Google’s acquisition of Nest has stirred a lot of interest and reaction, some of it misguided. After talking to lots of reporters, here are ten quick thoughts on why Google bought Nest and what it means:

1.    Google bought Nest for talent and strategic perspective, not products or data. Nest is too small and not scaling fast enough to justify the acquisition. This is about getting a great team that can teach Google about a new market realm, how the Internet of Things comes into the Connected Home.

2.    The price is ridiculously high – unless Google gets a huge head start on Connected Home. Google’s acquisition of Waze for $1 billion and Nest for $3.2 billion look pricey – but they are strategic bets for the long run, and can’t easily be compared.

3.    Building the next generation of Google Now is the goal, not snooping on our temps, room locations and smoke alarms. The Nest Labs team will help fuel development of the next generation of Google Now as it shifts more toward proactive assistance and advice.

4.    Google’s aim is to get an early start on identifying and adding software interfaces (APIs) to Gmail/Google Drive that connect it to smart products. This is not about Android in the home or about a battle for the device OS – it’s a battle for whose cloud service platform will coordinate an individual’s smart products – and their digital self.

5.    Identity, privacy, and security will also crucial in building out the Connected Home. Blanket privacy policies won’t be enough. Fatemeh Khatibloo’s research on contextual privacy shows the new way that privacy and identity will have to be managed.

6.    Google is not becoming a device company, but they are admitting, as they did with the Motorola acquisition, that it helps to have an in-house company modeling the great experiences only possible with an integrated hardware/software/service experience.

7.    Nest has its share of product challenges. We’ve heard of multiple firmware update crashes that resulted in too much or too little heat at very bad times. They do seem responsive to complaints on their Facebook page, where customers have vented concerns about the product and about the Google acquisition.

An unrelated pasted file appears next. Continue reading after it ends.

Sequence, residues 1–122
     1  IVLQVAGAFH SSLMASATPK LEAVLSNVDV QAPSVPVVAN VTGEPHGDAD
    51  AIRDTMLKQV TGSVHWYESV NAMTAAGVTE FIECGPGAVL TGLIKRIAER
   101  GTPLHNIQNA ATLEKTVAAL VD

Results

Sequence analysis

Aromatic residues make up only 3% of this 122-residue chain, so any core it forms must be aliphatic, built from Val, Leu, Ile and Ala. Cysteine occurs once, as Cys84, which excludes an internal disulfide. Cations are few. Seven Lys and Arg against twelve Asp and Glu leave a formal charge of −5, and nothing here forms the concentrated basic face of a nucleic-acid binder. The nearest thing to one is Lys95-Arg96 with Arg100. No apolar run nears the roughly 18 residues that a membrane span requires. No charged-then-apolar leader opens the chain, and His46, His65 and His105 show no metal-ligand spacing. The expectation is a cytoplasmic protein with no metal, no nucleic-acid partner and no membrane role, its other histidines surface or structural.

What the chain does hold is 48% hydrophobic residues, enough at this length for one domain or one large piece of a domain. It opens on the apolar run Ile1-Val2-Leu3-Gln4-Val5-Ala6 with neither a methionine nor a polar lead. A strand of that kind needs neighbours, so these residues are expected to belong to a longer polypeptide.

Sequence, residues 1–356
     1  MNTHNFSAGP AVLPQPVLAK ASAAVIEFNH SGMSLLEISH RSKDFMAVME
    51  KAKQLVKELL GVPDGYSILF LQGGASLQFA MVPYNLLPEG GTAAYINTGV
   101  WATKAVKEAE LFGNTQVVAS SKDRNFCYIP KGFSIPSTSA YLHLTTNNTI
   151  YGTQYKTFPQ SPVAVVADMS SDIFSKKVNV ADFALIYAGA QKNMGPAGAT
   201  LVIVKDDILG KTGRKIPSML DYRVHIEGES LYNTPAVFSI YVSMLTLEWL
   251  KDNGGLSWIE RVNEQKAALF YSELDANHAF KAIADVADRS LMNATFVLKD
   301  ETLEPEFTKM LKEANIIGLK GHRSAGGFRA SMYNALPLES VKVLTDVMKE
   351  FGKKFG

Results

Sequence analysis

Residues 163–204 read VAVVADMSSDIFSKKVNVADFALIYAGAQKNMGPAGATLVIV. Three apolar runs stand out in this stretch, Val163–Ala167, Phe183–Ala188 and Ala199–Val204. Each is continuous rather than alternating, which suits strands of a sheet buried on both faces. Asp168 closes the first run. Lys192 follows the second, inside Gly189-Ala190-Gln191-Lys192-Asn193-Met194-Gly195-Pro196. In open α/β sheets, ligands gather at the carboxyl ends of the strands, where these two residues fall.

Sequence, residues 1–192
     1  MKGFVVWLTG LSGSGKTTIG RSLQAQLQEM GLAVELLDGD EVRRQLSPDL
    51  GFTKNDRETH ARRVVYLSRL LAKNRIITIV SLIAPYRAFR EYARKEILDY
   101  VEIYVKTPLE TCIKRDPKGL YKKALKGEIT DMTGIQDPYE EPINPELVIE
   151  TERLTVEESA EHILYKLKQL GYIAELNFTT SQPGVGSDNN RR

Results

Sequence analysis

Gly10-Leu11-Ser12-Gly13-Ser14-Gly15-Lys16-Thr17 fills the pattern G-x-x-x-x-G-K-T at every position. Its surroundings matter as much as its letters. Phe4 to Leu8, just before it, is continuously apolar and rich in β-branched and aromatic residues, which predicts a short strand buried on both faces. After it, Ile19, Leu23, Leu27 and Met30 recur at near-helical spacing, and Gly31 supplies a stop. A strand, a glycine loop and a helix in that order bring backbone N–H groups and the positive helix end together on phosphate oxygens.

8.    This won’t ignite an M&A rush. There aren’t many companies or talent available for acquisition, not at the level of Nest. Two I would call out as very interesting: SmartThings, in Virginia, is building a home hub to link together disparate smart products and connect them to it’s cloud service platform. I spoke to the CEO, Alex Hawkinson, last week at CES – they’ve got 5000 developers on their platform already. The other is Withings, in France. CEO Cédric Hutchings leads a team that has built software interconnects with dozens of services for the results from their body scale, blood pressure cuff, and activity monitor.

9.    It’s notable that Google has taken two big steps in Connected World in the last two weeks. On January 6th Google and partners announced the Open Automotive Alliance (OAA)– the opposite of what I think it will do with Nest, in that OAA is about embedding Android as an OS in the car for infotainment systems.

10. Google’s competition? Apple, Microsoft, and Amazon will want a role to play in the Connected Home. Carriers and telcos already have expanded from competing with security monitoring companies such as ADT into smart home offerings such as Comcast Xfinity Home, Time Warner Cable’s Intelligent Home, or Home by SFR in France. And AT&T’s Digital Life offering is building on open standards and protocols to integrate with products from many companies, not just their own. Forrester is also familiar with home insurance companies that aim to offer services and products to help with the Connected Home – and reduce insurance claims. So it will be a very complex set of competitors.


What do you think?

What are your questions for Forrester about the Internet of Things and Connected Home?